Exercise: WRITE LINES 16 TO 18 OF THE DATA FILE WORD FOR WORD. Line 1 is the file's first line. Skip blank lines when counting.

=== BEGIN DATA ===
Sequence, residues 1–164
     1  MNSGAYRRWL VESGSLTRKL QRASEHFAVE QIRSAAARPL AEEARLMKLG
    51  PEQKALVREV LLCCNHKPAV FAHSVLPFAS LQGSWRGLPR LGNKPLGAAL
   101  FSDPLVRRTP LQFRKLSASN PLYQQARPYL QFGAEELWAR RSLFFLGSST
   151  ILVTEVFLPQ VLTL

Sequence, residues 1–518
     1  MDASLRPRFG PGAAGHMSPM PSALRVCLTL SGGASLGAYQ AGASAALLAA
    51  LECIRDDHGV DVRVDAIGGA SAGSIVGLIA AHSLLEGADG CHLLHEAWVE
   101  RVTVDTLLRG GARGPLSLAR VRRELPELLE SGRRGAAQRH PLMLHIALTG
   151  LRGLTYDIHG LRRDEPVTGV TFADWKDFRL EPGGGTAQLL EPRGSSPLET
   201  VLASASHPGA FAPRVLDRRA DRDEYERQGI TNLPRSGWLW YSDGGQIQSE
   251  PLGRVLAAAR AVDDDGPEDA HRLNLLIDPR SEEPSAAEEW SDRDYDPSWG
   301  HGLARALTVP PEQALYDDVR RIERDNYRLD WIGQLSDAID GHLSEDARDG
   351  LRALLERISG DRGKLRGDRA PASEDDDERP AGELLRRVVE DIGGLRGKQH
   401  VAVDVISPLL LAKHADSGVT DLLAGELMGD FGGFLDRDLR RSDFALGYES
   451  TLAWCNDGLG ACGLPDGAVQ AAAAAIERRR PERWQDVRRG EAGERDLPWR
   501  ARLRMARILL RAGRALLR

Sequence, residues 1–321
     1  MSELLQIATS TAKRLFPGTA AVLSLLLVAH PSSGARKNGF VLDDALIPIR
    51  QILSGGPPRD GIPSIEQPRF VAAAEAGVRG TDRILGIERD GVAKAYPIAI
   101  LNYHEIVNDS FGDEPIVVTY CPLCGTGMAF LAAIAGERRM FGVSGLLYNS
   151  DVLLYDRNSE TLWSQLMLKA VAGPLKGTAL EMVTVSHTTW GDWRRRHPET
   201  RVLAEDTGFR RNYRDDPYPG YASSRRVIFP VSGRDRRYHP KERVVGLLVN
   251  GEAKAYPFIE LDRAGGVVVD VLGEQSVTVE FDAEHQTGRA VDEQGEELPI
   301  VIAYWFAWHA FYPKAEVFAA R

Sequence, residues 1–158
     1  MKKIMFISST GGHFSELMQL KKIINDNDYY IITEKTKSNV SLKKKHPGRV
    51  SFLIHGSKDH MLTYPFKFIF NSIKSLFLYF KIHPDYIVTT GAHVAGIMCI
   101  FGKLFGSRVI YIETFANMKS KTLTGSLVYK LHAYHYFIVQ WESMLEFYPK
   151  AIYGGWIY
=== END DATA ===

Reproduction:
   451  TLAWCNDGLG ACGLPDGAVQ AAAAAIERRR PERWQDVRRG EAGERDLPWR
   501  ARLRMARILL RAGRALLR

Sequence, residues 1–321